Blackburn v. Alabama

PETITIONER: Blackburn
RESPONDENT: Alabama
LOCATION: Bonneville Dam

DOCKET NO.: 50
DECIDED BY: Warren Court (1958-1962)
LOWER COURT:

CITATION: 361 US 199 (1960)
ARGUED: Dec 10, 1959
DECIDED: Jan 11, 1960

Facts of the case

Question

Media for Blackburn v. Alabama

Audio Transcription for Oral Argument - December 10, 1959 (Part 2) in Blackburn v. Alabama

Audio Transcription for Oral Argument - December 10, 1959 (Part 1) in Blackburn v. Alabama

Earl Warren:

Number 50, Jesse Blackburn, versus -- Petitioner, versus Alabama.

Mr. Hobbs.

Truman M. Hobbs:

Mr. Chief Justice, Honorable Associate Justices of the Court.

11 years ago, Jesse Blackburn, a young Negro, been a young Negro, was taken into custody by the State of Alabama on the charge of robbery.

He has been continuously held in the custody of Alabama from that date to this.

The first five years, he was detained in an insane asylum in the State of Alabama under the adjudication by the Circuit Court of Colbert County, that he was insane.

For the last six years, he has been detained in prison in Alabama on an adjudication by the Circuit Court of Colbert County that he was not insane.

If this seems arbitrary and inconsistent, we think the facts will abundantly show that it is just that.

Petitioner was before this Court at the 1956 term, seeking the reversal of his conviction on the ground that the confession upon which his conviction was predicated was involuntary and hence denied him the due process of law guaranteed to all persons under the Fourteenth Amendment of our Constitution.

This Court vacated the judgment of conviction and remanded the case to the Courts of Alabama because of uncertainty in the record as to whether the Courts of Alabama had passed upon petitioner's constitutional rights.

The opinion of the Court of Appeal which is set out in the record, makes abundantly clear at this point, that the Courts of Alabama have passed upon the constitutional rights of the petitioner under the Fourteenth Amendment and have rejected his contentions under that Section of the Constitution.

The conviction and sentence imposed by the Circuit Court of Colbert County on petitioner was to 20 years imprisonment.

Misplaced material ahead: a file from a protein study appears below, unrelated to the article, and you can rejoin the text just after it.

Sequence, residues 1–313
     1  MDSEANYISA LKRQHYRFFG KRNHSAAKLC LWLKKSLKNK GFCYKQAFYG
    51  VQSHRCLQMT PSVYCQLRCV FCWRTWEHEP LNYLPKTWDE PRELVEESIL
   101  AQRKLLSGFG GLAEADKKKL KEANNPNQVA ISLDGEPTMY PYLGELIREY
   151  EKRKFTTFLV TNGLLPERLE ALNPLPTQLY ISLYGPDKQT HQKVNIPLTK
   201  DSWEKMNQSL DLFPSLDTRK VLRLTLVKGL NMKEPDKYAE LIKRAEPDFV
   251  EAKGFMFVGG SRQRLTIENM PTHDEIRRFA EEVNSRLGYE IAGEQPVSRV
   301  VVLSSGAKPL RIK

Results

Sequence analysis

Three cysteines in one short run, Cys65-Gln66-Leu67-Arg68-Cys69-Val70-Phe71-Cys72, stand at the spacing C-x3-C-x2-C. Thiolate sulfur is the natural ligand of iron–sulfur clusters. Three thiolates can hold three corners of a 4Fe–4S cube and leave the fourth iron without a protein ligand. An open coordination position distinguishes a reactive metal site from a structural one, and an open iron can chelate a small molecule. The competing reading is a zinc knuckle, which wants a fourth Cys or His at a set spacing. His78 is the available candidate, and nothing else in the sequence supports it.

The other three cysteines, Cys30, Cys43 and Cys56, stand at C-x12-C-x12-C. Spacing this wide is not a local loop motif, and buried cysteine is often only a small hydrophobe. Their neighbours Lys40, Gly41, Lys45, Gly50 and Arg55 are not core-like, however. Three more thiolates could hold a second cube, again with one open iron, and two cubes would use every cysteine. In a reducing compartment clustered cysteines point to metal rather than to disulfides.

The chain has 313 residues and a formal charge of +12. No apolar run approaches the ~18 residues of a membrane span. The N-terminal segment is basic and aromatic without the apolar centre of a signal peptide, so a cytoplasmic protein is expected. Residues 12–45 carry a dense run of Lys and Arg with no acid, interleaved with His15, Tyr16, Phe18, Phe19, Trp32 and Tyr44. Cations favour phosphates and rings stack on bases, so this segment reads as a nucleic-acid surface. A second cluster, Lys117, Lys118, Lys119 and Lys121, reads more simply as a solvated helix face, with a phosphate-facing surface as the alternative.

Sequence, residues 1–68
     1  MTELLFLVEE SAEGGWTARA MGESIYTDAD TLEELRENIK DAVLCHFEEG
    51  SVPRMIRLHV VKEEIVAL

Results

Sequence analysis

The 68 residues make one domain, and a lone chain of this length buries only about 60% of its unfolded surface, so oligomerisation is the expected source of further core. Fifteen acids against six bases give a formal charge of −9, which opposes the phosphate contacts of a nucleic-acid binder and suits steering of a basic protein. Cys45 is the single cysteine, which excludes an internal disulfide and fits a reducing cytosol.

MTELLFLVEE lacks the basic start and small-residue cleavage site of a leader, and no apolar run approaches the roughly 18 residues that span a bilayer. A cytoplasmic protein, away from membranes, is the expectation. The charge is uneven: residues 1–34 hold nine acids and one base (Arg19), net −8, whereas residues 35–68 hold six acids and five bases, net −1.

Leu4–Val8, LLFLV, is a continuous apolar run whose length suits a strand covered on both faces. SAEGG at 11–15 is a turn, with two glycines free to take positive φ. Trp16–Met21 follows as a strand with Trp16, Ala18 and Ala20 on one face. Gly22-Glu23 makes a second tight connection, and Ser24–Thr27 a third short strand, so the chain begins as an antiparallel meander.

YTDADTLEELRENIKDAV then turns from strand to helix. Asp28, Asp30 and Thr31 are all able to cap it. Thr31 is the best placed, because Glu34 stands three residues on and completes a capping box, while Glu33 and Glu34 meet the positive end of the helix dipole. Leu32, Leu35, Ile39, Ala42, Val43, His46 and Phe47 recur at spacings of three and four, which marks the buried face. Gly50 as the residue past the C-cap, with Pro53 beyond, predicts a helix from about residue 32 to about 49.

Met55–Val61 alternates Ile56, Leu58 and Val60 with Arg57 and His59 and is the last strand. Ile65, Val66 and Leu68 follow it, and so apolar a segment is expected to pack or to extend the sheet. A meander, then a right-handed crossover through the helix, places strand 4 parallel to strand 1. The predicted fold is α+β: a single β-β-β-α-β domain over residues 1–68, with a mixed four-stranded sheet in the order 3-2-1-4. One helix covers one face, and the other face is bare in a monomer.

The facts concerning the weight that this confession was obtained, came entirely from the Deputy Sheriff who procured the confession.

This was necessarily so because petitioner was -- Jesse Blackburn was unable to recall any of the events leading up to his arrest, his confinement in prison and indeed for some months or years after he was committed to the insane asylum in Alabama.

The medical records of this petitioner reveal that, he had already had a determination by medical doctors, was apart of his record, that he did suffer recurrently from prolonged period of amnesia.

Whether this was the reason that at the trial, he couldn't recall of whether it was the treatment given him in the hospital in Alabama which as you know, with respect to schizophrenic, frequently include shock treatment whether that was the reason he couldn't recall any of this circumstances, we don't know, but the fact remains that the sole testimony did come from the Deputy Sheriff.

Potter Stewart:

Would you think that they found that there is a regional confinement to the asylum was upon a formal adjudication of insanity?

Truman M. Hobbs:

Yes, sir.

Potter Stewart:

Not just that interim two judge -- two doctors business or something --

Truman M. Hobbs:

There was, Your Honor.

That the -- the Circuit judge in Colbert County had it -- his attention -- called to the fact that it was ground for believing Blackburn was insane.

He then called two local doctors in.

They examined him and -- and indicated that they agree with the conclusion that there was probable ground for believing he was insane.

And then there was a three – three-doctor board that passed on his sanity, and this board was unanimously of the opinion that he was insane.

Following this determination by the three-man-board, there was a formal adjudication by the Circuit Court that he was insane and he was then transmitted to Mt. Vernon, the insane hospital, in Alabama and he was forcibly detained there, as is shown by the fact that he escape and was --

William J. Brennan, Jr.:

I have to -- what was the procedure by which, as I understand it, five years later, it was determined that he was now sane enough to stand in trial?

Truman M. Hobbs:

The doctors, the hospital -- the insane hospital of Alabama in which he was committed, set to the Circuit Court of Colbert County in a memorandum to the effect that in the opinion of the -- authorities that were holding him, he was now sufficiently restored his sanity to stand trial.

William J. Brennan, Jr.:

That was the extent of remedy?

Truman M. Hobbs:

Yes, sir.

William J. Brennan, Jr.:

May I ask, was the adjudication, the original adjudication and the adjudication of insanity, as of the date of the commission of the alleged crime?